As Taiwanese President Tsai Ing-wen takes oath for her second term on Wednesday, which she won in a landslide in January this year, Taiwan, which was until recently diplomatically isolated is now finding that the world is standing with the country in these unprecedented times. In just 4 years, Tsai Ing-wen has completely changed how the world looks at Taiwan and delivered a knock out blow to Xi Jinping’s dream of making Taiwan a part of the People’s Republic of China.
Make no mistake, before Tsai rose to power in 2016, the island nation had almost given up as they had accepted that it is only a matter of time when Taiwan is “reunified” with the mainland as the ruling Kuomintang increasingly tilted towards China and a reunification was a foregone conclusion.
When the Kuomintang Party led the Republic of China was ousted by the rebels led by Mao Zedong in the Chinese civil war in 1949, the Kuomintang Party leaders escaped the mainland and settled in Taiwan and ever since then, China has been desperately trying to reunify Taiwan.
Taiwan’s political landscape to an extent mirrors that of India as just like the Indian National Congress, the Kuomintang Party had been ruling Taiwan for a majority of time post-1949.
The 8 years of Kuomintang Party rule from 2008 to 2016 raised the hopes of the Communist regime regarding the ‘unification of entire China’, the ultimate agenda of Xi Jinping. But, in the 2016 Presidential election, Tsai, a pro-democracy and anti-China leader was elected, and since then, China has made every effort to sabotage Taiwanese freedom. Tsai swept to power yet again in January 2020 after she supported the Hong Kong democracy protests as her party garnered over 8 million votes while the opposition Kuomintang folded up with less than 6 million votes.
Taiwan has made giant strides under Tsai with most notably being her stupendous handling of the Wuhan coronavirus pandemic which has shot up her approval ratings of an all-time high of 61%. Taiwan, despite its proximity to China has reported only 440 odd cases of the virus with 7 fatalities which has caught the eye of the world.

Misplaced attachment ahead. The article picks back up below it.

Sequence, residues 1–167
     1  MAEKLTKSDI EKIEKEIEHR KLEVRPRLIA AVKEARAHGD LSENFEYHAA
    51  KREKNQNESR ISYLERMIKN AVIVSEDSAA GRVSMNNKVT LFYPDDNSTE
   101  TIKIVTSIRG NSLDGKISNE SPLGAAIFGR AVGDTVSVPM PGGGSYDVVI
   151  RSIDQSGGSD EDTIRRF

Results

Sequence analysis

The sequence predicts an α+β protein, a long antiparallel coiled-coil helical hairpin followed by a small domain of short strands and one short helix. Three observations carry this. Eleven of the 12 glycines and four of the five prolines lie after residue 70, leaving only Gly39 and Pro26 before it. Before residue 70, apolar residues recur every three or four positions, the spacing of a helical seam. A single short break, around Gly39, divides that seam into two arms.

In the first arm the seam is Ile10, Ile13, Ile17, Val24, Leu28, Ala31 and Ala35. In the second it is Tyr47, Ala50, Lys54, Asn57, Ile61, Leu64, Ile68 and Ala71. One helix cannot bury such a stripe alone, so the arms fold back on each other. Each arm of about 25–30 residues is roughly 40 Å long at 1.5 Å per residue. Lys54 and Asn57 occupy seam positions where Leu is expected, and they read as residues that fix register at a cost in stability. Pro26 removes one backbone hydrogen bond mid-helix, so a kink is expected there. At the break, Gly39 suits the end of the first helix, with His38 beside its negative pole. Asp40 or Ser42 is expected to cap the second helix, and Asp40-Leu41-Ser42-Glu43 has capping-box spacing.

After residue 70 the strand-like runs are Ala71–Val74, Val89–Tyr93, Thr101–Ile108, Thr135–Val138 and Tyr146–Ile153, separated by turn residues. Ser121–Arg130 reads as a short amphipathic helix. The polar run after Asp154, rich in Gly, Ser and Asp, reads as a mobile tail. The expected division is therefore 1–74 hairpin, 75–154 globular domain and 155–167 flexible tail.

In her first term itself, Tsai managed to greatly irk China as in a bold move, she dialed Donald Trump in December 2016 and secured the country’s first American fighter jet deal in 30 years.
China being true to its characteristics, tried to diplomatically isolate Taiwan as the island country is now recognised by a paltry 15 countries of which most of them are Latin and Pacific countries with little say in International Affairs. But Taiwan doesn’t need to worry, as the USA unanimously has passed the TAIPEI Act which will see the USA lobbying to get diplomatic recognition for Taiwan. The TAIPEI Act also mandates the USA to safeguard Taiwan in case of a Chinese military aggression.
Tsai has steadfastly refused to accept the “One China” policy and has been proven to be a calm head as she has sought to benefit from the deteriorating relations between the US and China. Tsai has stressed for better relations with China which does not recognise Taiwan as an independent country as she said, “Cross-strait relations have reached a historical turning point. Both sides have a duty to find a way to co-exist over the long term and prevent the intensification of antagonism and differences. I also hope that the leader on the other side of the strait will take on the same responsibility, and work with us to jointly stabilize the long-term development of cross-strait relations.”
While Taiwan might have failed to get invited in the 73rd session of the World Health Assembly, the international support for its inclusion and the subsequent outrage after Dr Tedros denied a well-deserved invitation, must be moving for Taiwan. Not just the USA, the European Union has commended Taiwan as it has taken up “mask diplomacy” which has earned the country admirers across the world.
Roy Lee, a deputy director at the Chung Hua Institution for Economic Research said, “President Tsai took a non-provocative and principled approach on the political issues. Tsai will likely continue to face any comments from China with a gentle and firm attitude.”
While the opposition Kuomintang has been influenced by the Chinese Communist Party and is likely to face multiple electoral setbacks, Tsai is all set to charter Taiwan into a new dawn which will challenge China’s hegemony in the region.